They got it wrong!

This exciting second volume of phrase origins and meanings will be released on October 1, 2016. Be watching Amazon at that time!:

I promised to post some entries from my upcoming Second Volume of Most Comprehensive Origins of Cliches, Proverbs and Figurative Expressions. As I have repeatedly stated, many expressions have been wrongly credited in popular dictionaries and online sources. Here is one example which is in the new book:

Beats me^

This old idiom means “I have no idea.” In 1918, Edgar Rice Burroughs is often credited for first using it in The Land That Time Forgot, Chapter 4:

“‘Flowering shrubs don’t thrive in the subterranean caverns from which geysers spring,’ suggested Bradley. Olson shook his head. ‘It beats me,’ he said.”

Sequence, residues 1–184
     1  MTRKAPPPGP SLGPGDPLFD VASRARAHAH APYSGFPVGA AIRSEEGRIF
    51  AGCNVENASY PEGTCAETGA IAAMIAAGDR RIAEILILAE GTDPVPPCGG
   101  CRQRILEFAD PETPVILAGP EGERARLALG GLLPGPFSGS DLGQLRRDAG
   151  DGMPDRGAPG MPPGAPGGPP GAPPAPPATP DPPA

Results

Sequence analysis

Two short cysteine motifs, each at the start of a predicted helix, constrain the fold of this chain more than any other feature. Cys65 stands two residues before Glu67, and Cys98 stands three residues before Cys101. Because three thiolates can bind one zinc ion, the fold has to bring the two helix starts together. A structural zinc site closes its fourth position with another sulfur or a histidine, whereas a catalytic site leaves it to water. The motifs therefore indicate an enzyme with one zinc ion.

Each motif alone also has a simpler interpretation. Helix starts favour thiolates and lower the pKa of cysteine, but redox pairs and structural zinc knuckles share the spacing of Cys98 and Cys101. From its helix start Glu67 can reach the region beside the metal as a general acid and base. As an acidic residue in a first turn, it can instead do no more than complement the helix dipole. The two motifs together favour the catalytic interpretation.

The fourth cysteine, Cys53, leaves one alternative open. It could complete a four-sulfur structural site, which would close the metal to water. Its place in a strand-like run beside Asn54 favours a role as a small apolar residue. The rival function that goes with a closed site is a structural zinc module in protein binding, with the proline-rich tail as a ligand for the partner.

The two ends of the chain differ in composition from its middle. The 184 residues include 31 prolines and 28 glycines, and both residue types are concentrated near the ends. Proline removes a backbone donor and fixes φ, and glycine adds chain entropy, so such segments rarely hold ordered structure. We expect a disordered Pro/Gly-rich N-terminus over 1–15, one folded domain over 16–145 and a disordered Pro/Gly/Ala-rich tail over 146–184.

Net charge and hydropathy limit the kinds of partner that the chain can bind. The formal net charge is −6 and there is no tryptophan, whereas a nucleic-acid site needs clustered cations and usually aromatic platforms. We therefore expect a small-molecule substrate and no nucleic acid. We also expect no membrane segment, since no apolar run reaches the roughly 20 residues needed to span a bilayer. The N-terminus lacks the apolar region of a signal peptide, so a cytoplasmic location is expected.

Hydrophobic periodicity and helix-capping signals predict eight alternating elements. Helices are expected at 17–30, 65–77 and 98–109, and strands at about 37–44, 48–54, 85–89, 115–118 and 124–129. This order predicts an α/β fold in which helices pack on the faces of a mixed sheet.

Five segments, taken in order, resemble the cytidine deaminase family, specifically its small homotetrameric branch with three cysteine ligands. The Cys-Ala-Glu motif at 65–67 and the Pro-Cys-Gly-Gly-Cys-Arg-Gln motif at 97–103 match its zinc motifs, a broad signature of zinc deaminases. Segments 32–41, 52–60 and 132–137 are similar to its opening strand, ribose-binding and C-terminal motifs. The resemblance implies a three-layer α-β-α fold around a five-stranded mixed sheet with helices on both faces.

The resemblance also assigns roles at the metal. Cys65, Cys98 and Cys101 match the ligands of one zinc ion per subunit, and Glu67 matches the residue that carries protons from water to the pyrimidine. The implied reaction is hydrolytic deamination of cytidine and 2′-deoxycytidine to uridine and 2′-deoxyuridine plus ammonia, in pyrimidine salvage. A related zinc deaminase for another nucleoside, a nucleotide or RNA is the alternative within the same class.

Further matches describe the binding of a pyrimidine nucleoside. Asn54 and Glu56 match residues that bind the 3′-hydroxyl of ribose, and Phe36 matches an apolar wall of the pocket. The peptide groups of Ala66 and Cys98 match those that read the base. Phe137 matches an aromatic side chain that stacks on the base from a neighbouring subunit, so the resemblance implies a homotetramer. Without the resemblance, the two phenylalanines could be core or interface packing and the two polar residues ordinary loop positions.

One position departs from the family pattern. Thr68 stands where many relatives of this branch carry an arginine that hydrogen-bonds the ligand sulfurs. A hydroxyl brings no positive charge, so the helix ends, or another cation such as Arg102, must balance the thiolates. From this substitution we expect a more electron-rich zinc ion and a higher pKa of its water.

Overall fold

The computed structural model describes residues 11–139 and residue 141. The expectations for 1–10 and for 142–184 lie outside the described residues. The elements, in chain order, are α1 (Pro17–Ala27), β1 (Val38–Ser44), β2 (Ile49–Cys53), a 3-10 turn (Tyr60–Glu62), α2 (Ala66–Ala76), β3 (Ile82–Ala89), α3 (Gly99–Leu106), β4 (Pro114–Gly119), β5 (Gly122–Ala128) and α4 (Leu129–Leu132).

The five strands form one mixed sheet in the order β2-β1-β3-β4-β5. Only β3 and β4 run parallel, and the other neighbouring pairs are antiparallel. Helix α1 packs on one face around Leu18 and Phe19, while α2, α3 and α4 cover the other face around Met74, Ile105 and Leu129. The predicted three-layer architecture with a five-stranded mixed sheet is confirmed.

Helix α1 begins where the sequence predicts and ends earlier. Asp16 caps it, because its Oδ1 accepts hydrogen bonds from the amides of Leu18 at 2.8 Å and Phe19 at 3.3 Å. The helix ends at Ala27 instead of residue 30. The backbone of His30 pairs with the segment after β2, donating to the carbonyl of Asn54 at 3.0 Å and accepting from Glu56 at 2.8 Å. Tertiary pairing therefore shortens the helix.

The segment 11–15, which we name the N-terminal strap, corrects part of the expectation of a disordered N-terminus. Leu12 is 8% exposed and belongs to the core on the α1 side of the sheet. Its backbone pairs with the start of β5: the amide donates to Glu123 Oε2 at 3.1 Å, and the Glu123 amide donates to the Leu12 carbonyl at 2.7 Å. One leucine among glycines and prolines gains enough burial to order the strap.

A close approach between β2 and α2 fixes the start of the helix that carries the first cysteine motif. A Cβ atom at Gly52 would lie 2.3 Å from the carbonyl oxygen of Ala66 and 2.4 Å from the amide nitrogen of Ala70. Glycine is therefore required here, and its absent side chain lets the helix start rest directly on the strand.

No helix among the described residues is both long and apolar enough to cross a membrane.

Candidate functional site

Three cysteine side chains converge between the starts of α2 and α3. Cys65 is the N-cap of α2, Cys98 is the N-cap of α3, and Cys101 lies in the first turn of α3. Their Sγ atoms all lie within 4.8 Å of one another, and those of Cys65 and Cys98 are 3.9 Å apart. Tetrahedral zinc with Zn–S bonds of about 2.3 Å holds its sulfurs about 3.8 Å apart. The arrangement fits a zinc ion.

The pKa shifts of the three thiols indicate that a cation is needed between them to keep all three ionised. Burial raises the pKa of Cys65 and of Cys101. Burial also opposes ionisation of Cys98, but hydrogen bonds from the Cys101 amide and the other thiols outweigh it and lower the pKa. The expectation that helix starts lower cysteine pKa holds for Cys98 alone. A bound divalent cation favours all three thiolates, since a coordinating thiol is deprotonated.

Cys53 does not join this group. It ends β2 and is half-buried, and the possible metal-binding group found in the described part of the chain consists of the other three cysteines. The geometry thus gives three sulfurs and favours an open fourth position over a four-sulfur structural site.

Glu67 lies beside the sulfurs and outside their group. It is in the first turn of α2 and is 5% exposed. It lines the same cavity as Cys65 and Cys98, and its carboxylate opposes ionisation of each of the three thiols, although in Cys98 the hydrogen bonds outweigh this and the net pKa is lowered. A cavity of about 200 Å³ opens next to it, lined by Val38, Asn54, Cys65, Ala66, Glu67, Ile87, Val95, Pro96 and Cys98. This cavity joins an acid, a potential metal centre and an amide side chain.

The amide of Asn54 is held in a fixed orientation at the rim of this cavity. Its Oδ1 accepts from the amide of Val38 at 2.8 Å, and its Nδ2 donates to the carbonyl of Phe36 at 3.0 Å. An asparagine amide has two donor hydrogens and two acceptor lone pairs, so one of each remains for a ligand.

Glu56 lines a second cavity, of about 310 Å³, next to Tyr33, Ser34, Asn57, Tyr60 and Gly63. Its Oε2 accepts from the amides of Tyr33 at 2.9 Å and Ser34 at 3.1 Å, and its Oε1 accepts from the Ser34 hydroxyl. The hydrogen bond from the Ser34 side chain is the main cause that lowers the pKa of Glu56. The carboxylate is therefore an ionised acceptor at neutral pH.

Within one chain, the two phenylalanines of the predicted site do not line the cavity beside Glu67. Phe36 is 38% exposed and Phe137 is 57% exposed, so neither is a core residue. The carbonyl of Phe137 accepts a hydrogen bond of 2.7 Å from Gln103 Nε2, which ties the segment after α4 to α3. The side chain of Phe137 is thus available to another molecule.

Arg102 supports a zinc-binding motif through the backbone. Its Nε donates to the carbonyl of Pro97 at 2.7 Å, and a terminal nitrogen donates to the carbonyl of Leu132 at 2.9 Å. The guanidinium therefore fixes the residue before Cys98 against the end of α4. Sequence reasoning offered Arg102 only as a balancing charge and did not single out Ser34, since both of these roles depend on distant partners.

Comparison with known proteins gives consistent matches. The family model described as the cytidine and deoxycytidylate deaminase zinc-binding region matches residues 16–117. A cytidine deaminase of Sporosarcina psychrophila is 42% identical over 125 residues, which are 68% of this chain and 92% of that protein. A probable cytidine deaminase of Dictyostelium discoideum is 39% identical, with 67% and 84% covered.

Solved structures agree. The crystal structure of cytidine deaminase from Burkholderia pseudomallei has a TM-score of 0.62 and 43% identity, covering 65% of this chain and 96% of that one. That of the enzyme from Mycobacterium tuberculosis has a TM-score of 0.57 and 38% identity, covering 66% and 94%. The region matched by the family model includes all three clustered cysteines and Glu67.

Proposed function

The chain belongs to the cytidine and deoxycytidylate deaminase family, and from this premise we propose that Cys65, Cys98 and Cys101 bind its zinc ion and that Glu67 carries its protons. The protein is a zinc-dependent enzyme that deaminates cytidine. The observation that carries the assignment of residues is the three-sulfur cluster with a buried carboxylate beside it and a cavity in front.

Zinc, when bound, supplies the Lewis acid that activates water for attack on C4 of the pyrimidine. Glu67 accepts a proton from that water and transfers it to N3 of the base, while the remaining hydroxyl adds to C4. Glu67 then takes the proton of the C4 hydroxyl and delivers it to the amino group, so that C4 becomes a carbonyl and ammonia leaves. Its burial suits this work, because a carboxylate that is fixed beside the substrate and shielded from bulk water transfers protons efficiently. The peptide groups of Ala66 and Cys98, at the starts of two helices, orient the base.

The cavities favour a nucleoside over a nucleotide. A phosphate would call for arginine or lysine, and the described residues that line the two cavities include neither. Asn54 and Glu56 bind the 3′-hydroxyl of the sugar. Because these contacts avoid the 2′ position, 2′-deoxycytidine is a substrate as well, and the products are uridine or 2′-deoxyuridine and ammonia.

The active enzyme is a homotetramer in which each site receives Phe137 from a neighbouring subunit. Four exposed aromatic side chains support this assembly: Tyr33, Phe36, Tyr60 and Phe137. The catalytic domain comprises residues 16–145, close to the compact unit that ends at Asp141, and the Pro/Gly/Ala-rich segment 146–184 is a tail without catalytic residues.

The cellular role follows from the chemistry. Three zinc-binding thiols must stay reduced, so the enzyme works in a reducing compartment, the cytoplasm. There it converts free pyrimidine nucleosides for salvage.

Again, wrong! It was in use figuratively as early as 1824 on page 57, in Douglas, A Tragedy, by John Home, Reduced to Scottish Rhyme, Chiefly the Broad Buchan Dialect:

 Norv. Weel, I am in a primonirie now— ‘Completely beats me how I’m to get through.’”

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